Carolyn Troiano has more than 35 years of experience in computer system validation in the tobacco, pharmaceutical, medical device, and other FDA-regulated industries. She has worked directly, or on a consulting basis, for many of the larger pharmaceutical and tobacco companies in the US and Europe. She is currently building an FDA computer system validation compliance strategy at a vapor company. Carolyn has participated in industry conferences and is currently active in the Association of Information Technology Professionals (AITP), and Project Management Institute (PMI) chapters in the Richmond, VA area. Carolyn also volunteers for the PMI’s Educational Fund as a project management instructor for non-profit organizations.
FDA requires that all computer systems that handle data regulated by the Agency to be validated in accordance with their guidance on computerized systems. In 1997, 21 CFR Part 11 was issued to address electronic records and signatures, as many laboratories and other FDA-regulated organizations began seeking ways to move into a paperless environment.
There are very specific limitations that arise when using ER/ES capability, such as the elimination of print capability to prevent users from making decisions based on a paper record as opposed to the electronic record. It also requires very specific identification of users that ensures the person signing the record is the same person whose credentials are being entered and verified by the system. Rule for changing passwords must be rigorously adhered to and the passwords must be kept secure.
It is critical that the system specify the exact meaning of the signature. It may be that the person conducted the work, recorded the result, reviewed the result, or approved the result. A person may simply be attesting to the fact that they reviewed the work and the signatures, and there was appropriate segregation of duties (i.e., the person recording the result is not the same as either the person reviewing or the person giving final approval).
A company must have specific policies and procedures in place that explicitly state responsibilities and provide guidance for implementing and using ER/ES capability. These must clarify the 21 CFR Part 11 regulation and provide insight as to the way the company interprets their responsibility for meeting it. As FDA continues to evolve and change due to the many factors that influence the regulatory environment, companies must be able to adapt. New technologies will continue to emerge that will change the way companies do business. While many of these are intended to streamline operations, reducing time and resources, some unintentionally result in added layers of oversight that encumber a computer system validation program and require more time and resources, making the technology unattractive from a cost-benefit perspective.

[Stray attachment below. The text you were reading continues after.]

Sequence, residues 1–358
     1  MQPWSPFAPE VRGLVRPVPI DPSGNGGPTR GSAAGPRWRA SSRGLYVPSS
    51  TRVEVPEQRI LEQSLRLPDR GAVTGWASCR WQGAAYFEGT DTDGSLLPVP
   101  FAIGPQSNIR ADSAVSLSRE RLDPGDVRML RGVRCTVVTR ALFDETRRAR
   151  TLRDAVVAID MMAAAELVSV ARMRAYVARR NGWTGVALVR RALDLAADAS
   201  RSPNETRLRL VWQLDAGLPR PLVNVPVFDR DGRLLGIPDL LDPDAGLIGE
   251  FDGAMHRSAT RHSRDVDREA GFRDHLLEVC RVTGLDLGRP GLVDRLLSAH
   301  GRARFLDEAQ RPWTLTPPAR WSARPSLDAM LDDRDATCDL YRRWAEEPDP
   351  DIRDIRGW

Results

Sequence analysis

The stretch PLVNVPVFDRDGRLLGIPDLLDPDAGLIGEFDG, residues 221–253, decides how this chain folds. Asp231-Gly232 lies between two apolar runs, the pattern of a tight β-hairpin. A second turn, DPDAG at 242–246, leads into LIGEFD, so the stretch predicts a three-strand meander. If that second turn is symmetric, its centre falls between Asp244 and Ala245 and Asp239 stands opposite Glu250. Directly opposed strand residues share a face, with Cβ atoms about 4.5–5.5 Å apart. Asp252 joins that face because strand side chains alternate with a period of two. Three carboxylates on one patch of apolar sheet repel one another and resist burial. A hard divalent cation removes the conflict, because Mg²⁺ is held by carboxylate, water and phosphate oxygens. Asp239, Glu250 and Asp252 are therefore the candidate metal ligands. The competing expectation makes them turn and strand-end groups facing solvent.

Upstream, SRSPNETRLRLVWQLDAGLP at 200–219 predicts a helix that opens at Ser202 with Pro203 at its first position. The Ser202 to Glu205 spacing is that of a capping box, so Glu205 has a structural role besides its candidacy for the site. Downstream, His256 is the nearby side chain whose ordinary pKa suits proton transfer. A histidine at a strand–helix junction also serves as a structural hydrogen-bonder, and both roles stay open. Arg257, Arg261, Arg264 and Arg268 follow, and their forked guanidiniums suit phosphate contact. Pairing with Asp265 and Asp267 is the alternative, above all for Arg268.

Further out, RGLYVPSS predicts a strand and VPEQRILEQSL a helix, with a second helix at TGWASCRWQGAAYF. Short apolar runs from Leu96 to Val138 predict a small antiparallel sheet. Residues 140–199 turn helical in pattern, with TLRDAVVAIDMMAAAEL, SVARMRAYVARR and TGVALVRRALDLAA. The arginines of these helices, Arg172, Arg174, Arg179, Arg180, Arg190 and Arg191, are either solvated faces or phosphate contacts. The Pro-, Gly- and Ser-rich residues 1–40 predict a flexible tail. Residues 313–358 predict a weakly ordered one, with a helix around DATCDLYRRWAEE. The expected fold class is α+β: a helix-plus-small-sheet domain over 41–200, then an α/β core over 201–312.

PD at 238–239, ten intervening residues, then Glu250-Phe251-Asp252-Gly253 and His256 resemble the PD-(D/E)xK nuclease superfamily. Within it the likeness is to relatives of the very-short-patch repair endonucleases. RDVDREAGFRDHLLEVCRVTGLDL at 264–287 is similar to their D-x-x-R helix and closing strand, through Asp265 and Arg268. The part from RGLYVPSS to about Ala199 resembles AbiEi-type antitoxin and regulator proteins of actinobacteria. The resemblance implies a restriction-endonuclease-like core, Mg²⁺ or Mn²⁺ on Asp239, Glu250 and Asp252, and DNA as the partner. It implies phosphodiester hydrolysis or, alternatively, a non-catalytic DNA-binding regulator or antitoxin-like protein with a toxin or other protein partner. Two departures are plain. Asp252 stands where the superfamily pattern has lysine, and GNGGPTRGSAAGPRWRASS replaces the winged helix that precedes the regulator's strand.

This webinar will cover the key aspects of complying with 21 CFR Part 11 in both validating systems and maintaining them in a validated state throughout their entire life cycle.
Upon completion of this training program, attendees will have an understanding of laboratory system computer validation planning, execution and management concepts, based on the System Development Life Cycle (SDLC) framework. They will have received the guidance on industry best practices necessary to develop a compliant and cost-effective validation program. They will understand the steps for validating laboratory systems, along with the key documentation associated with maintaining the systems in a validated state, while minimizing costs. Attendees will gain a good grasp of how to leverage these practices across all systems by creating a standardized program.
In this webinar attendees will learn about FDA’s regulatory expectations for classifying, assessing the risk, testing, and validating a computer system used in FDA-regulated work. Also attendees will learn in detail about the System Development Life Cycle (SDLC) methodology used to approach Computer System Validation (CSV), including all of the phases, sequencing of events, deliverables, and documentation requirements.
Effective and compliant computer system data management is critical to organizations in the pharmaceutical, biologics, vaccines, tobacco, animal health, medical device or other FDA-regulated industry. During the past 30 years, best practices have been developed to ensure computer systems used in these environments can be cost-effectively managed while meeting all aspects of FDA compliance. To take this a step further, we are now looking at ways to ensure the data that resides on these systems is also managed in a compliant manner and one that will provide the best results for operations at the lowest cost.
After attending this course, you will understand data governance as a quality control discipline for assessing, managing, using, improving, monitoring, maintaining, and protecting organizational information. It is a system of decision rights and accountabilities for information-related processes, executed according to agreed-upon models which describe who can take what actions with what information, and when, under what circumstances, and, finally, using what methods.